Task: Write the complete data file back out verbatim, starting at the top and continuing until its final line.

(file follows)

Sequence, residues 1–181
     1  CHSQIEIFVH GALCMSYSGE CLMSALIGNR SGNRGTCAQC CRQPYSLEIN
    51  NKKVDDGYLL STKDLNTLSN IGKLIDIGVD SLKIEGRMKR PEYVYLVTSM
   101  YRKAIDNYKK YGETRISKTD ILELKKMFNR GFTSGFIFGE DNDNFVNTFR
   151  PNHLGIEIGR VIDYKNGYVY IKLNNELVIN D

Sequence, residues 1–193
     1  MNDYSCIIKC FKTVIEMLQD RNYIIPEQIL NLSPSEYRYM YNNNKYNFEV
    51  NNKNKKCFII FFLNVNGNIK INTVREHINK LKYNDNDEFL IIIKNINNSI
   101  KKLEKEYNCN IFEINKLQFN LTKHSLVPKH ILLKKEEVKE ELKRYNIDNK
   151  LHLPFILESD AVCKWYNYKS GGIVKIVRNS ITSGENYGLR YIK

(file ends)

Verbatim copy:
Sequence, residues 1–181
     1  CHSQIEIFVH GALCMSYSGE CLMSALIGNR SGNRGTCAQC CRQPYSLEIN
    51  NKKVDDGYLL STKDLNTLSN IGKLIDIGVD SLKIEGRMKR PEYVYLVTSM
   101  YRKAIDNYKK YGETRISKTD ILELKKMFNR GFTSGFIFGE DNDNFVNTFR
   151  PNHLGIEIGR VIDYKNGYVY IKLNNELVIN D

Sequence, residues 1–193
     1  MNDYSCIIKC FKTVIEMLQD RNYIIPEQIL NLSPSEYRYM YNNNKYNFEV
    51  NNKNKKCFII FFLNVNGNIK INTVREHINK LKYNDNDEFL IIIKNINNSI
   101  KKLEKEYNCN IFEINKLQFN LTKHSLVPKH ILLKKEEVKE ELKRYNIDNK
   151  LHLPFILESD AVCKWYNYKS GGIVKIVRNS ITSGENYGLR YIK